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Figure 1. Los Angeles, 1908

Figure 1.1 Los Angeles, 1908

Light pollution or sky glow is caused by light aimed directly up into the sky and by light reflected off the ground or objects. Sky glow prevents the general public and astronomers from seeing the stars.

Floodlights, wall packs and other un-shielded luminaires are the major contributors to sky glow. Overlighting, even with shielded luminaires, reflects unnecessary light back into the atmosphere and adds to the sky glow. This often occurs at outdoor areas such as motor pools and sports fields.

To minimize light pollution, use fully shielded luminaires or IESNA full cut-off type for area and roadway lighting as illustrated in Figure 3.

Unshielded and non-cutoff luminaires lead to light pollution.

Figure 2. Unshielded and non-cutoff luminaires lead to light pollution.

The use of full cutoff luminaires may reduce uniformity and therefore require greater pole heights or spacing. Cutoff, semi-cutoff, and non-cutoff luminaires may also be used at low mounting heights if the lumen output of the lamp is limited to 4200 lumens.

These applications, such as pedestrian and entry lighting, typically require greater vertical illuminance for facial identity.

Figure 2. Los Angeles, 1976 (right)

Figure 1.2 Los Angeles, 1976

Provide uniform low glare lighting and do not overlight exterior areas. Also, control lighting with time clocks, photocells, and motion sensors such that lighting is only energized when needed.

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Line Protection

Line Protection With Distance Relays

Distance relaying should be considered when overcurrent relaying is too slow or is not selective. Distance relays are generally used for phase-fault primary and back-up protection on subtransmission lines, and on transmission lines where high-speed automatic reclosing is not necessary to maintain stability and where the short time delay for end-zone faults can be tolerated.

Overcurrent relays have been used generally for ground-fault primary and back-up protection, but there is a growing trend toward distance relays for ground faults also. Single-step distance relays are used for phase-fault back-up protection at the terminals of generators. Also, single-step distance relays might be used with advantage for back-up protection at power-transformer banks, but at the present such protection is generally provided by inverse-time overcurrent relays. Distance relays are preferred to overcurrent reIays because they are not nearly so much affected by changes in short-circuit-current magnitude as overcurrent relays are, and, hence, are much less affected by changes in generating capacity and in system configuration.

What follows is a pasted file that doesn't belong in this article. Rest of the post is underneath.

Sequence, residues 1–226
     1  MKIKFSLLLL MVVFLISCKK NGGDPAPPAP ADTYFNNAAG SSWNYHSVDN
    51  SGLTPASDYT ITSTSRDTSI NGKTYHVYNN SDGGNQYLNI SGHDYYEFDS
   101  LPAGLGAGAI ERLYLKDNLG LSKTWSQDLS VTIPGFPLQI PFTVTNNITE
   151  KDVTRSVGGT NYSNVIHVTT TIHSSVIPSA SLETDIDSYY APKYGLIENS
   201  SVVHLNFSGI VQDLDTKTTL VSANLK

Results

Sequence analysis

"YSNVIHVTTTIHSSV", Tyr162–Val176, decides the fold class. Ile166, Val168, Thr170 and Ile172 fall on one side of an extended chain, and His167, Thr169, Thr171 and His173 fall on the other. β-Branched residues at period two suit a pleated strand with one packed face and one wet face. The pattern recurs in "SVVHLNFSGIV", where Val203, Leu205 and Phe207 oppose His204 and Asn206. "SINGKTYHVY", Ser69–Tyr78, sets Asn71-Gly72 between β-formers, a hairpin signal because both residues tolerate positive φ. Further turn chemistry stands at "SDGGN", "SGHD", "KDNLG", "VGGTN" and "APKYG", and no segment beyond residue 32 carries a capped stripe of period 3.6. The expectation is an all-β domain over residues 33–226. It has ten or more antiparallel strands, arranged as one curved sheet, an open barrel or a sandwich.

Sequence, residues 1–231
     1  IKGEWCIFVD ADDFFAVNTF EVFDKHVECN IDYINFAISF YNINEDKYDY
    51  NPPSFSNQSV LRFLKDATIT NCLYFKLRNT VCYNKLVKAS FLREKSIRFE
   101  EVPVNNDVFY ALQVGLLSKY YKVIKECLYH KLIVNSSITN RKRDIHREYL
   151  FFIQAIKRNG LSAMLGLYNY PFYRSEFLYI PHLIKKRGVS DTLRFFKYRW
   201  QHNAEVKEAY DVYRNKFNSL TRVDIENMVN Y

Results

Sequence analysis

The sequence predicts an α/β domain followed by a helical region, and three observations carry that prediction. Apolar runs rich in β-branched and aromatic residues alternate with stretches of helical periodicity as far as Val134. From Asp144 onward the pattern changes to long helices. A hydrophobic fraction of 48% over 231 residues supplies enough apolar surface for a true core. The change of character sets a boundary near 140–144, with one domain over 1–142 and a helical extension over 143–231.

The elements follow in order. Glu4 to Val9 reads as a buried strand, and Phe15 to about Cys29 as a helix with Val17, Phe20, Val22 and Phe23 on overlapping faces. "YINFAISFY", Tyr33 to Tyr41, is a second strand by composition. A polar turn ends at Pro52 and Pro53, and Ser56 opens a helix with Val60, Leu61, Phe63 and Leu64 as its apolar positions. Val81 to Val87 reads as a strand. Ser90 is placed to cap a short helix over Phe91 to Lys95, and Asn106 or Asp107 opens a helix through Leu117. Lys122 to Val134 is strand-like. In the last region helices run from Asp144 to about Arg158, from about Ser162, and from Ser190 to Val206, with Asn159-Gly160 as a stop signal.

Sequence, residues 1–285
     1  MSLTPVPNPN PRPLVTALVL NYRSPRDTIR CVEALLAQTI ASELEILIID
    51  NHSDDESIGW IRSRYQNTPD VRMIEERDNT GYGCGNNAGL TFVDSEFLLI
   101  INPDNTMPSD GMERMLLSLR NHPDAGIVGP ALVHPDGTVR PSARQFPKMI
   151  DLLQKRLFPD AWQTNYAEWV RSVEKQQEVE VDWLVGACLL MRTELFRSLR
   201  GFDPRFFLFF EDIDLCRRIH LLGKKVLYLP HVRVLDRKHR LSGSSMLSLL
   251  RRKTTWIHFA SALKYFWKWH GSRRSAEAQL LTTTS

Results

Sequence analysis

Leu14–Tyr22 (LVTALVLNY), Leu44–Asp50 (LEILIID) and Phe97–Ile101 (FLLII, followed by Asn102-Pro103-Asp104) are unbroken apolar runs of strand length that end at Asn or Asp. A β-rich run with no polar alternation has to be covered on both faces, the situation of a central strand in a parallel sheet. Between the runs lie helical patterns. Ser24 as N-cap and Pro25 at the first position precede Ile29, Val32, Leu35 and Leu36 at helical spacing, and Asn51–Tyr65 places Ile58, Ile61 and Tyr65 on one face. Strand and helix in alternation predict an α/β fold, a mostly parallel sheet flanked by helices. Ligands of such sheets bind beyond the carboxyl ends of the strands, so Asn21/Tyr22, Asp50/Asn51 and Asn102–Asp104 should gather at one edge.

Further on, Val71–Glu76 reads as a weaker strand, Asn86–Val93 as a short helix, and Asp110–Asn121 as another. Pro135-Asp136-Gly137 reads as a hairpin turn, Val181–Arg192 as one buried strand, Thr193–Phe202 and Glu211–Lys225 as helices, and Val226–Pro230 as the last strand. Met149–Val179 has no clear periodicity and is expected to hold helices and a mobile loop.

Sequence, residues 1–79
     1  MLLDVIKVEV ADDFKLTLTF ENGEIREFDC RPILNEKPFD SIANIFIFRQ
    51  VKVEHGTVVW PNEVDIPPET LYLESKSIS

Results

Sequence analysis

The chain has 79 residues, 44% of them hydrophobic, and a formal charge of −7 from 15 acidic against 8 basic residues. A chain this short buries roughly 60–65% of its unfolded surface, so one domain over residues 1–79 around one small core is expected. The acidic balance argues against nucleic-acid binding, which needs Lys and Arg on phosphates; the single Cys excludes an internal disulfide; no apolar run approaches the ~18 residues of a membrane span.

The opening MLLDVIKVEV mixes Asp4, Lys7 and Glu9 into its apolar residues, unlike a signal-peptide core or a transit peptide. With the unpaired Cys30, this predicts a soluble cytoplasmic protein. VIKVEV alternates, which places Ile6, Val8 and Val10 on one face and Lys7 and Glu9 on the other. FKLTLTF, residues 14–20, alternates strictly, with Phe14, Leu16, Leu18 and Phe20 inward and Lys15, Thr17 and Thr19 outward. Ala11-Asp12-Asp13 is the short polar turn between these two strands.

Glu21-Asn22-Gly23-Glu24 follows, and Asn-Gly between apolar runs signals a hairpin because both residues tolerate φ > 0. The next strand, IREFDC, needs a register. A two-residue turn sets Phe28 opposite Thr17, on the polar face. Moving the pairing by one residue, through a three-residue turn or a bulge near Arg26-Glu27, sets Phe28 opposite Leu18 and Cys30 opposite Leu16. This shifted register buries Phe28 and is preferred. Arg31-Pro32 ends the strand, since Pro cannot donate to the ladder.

This is because, distance relays achieve selectivity on the basis of impedance rather than current.

The choice between impedance, reactance, or MHO

Because ground resistance can be so variable, a ground distance relay must be practically unaffected by large variations in fault resistance. Consequently, reactance relays are generally preferred for ground relaying. For phase-fault relaying, each type has certain advantages and disadvantages. For very short line sections, the reactance type is preferred for the reason that more of the line can be protected at high speed. This is because the reactance relay is practically unaffected by arc resistance which may be large compared with the line impedance, as described elsewhere in this chapter. On the other hand, reactance-type distance relays at certain locations in a system are the most likely to operate undesirably on severe synchronizing power surges unless additional relay equipment is provided to prevent such operation.

The mho type is best suited for phase-fault relaying for longer lines, and particularly where severe synchronizing-power surges may occur. It is the least likely to require additional equipment to prevent tripping on synchronizing-power surges. When mho relaying is adjusted to protect any given line section, its operating characteristic encloses the least space on the R-X diagram, which means that it will be least affected by abnormal system conditions other than line faults; in other words, it is the most selective of all distance relays.

Because the mho relay is affected by arc resistance more than any other type, it is applied to longer lines. The fact that it combines both the directional and the distancemeasuring functions in one unit with one contact makes it very reliable.

The impedance relay is better suited for phase-fault relaying for lines of moderate length than for either very short or very long lines. Arcs affect an impedance relay more than a reactance relay but less than a mho relay. Synchronizing-power surges affect an impedance relay less than a reactance relay but more than a mho relay. If an impedance-relay characteristic is offset, so as to make it a modified relay, it can be made to resemble either a reactance relay or a mho relay but it will always require a separate directional unit.

There is no sharp dividing line between areas of application where one or another type of distance relay is best suited. Actually, there is much overlapping of these areas. Also, changes that are made in systems, such as the addition of terminals to a line, can change the type of relay best suited to a particular location. Consequently, to realize the fullest capabilities of distance relaying, one should use the type best suited for each application. In some cases much better selectivity can be obtained between relays of the same type, but, if relays are used that are best suited to each line, different types on adjacent lines have no appreciable adverse effect on selectivity.
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